Millions of people are affected by self-injury, especially adolescents and young adults. Non-suicidal self-injury (NSSI) has been the focus of numerous studies and, yet, there is still a lot to learn about its causes and consequences.
NSSI behavior, the most common of which is cutting, can have various short- and long-term consequences and research shows that NSSI is predictive of later suicide attempts. We also know that NSSI co-occurs with many other disorders, including major depressive disorder, generalized anxiety disorder, and substance use and eating disorders.
“Considered together, recent research supports the growing conceptualization of NSSI as transdiagnostic, rather than as a specific symptom of one disorder,” researcher Kate Bentley of Boston University and her co-authors write in an article published in Clinical Psychological Science.
In their article, Bentley and colleagues David Barlow of Boston University and Matthew Nock of Harvard University aim “to use the recently developed, empirically supported four-function model (FFM) of NSSI as a conceptual base to generate important next steps for research on self-injury.”
According to the researchers, functional theories propose that behaviors are largely controlled by events that immediately precede and follow them. The four-function model (FFM) of self-injury outlined by Bentley and colleagues is composed of four specific reinforcement processes that contribute to NSSI, each of which falls along two dichotomous dimensions — negative-positive and automatic-social (or intrapersonal-interpersonal):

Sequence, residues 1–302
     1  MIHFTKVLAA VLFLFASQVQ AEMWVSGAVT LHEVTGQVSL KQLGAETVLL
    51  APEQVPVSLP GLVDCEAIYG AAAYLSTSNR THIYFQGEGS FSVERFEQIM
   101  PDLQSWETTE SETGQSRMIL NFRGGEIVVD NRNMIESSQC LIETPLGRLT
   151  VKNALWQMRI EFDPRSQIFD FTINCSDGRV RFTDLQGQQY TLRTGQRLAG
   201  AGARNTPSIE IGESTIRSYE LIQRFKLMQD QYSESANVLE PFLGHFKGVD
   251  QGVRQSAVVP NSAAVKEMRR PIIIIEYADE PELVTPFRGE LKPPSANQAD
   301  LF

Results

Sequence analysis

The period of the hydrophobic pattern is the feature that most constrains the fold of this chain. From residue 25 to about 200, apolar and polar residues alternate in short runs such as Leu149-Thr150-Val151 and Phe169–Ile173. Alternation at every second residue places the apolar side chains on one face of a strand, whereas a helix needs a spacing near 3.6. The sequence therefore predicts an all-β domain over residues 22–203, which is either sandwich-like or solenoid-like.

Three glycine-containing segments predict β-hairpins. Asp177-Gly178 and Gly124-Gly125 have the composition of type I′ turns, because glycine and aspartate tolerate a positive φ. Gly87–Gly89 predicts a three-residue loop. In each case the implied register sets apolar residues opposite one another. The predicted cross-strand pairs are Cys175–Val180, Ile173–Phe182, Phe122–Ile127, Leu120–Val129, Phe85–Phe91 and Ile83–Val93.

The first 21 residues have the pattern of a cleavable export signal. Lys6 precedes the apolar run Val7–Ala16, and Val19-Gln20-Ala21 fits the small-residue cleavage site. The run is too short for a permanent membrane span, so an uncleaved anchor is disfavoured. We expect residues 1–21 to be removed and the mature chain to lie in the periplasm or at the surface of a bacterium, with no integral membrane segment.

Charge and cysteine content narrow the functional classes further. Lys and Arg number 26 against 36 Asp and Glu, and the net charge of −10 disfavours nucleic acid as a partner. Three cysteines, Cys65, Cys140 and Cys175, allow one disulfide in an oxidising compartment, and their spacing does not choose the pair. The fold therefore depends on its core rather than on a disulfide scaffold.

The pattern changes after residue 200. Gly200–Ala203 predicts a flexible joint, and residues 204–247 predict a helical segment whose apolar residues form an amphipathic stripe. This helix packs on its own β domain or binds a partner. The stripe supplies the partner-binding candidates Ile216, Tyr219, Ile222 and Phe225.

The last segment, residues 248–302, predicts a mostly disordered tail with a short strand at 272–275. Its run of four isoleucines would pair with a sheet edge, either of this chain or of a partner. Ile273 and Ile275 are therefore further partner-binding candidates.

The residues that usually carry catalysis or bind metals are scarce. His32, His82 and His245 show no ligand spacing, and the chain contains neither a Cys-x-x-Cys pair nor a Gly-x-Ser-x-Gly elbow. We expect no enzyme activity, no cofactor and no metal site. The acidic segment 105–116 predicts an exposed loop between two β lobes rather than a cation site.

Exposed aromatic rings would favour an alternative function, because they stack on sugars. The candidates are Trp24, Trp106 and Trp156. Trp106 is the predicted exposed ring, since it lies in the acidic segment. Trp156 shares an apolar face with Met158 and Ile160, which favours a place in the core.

- Automatic negative reinforcement: self-injury reduces aversive affective or cognitive states
- Automatic positive reinforcement: self-injury serves to generate positive feelings or stimulation
- Social negative reinforcement: self-injury facilitates escape from social situations or remove interpersonal demands
- Social positive reinforcement: self-injury elicits attention, facilitates access to resources, or promotes help-seeking behavior
While the FFM does not account for every factor that may contribute to NSSI, such as biological predispositions, the researchers argue that it “represents a marked advancement from prior accounts of self-injury.”
“There is much yet to know about the perplexing phenomenon of self-injury, including fundamental aspects of its etiology, underlying mechanisms, and, most important, the most effective ways to prevent and treat this behavior,” Bentley and colleagues write. “Considered broadly, the highest priority directions for future research in the area of self-injury involve developing and testing evidence-based, functionally informed methods for preventing and treating NSSI. With regard to prevention, researchers must first focus on improving the ability to predict self-injurious behavior.”
To help guide these efforts, the researchers outline key questions emerging from FFM that remain outstanding and they suggest theory-driven research initiatives that can help to answer these questions.
Bentley, K.H., Nock, M.K., & Barlow, D.H. (2014). The Four-Function Model of Nonsuicidal Self-Injury: Key Directions for Future Research. Clinical Psychological Science. DOI: 10.1177/2167702613514563
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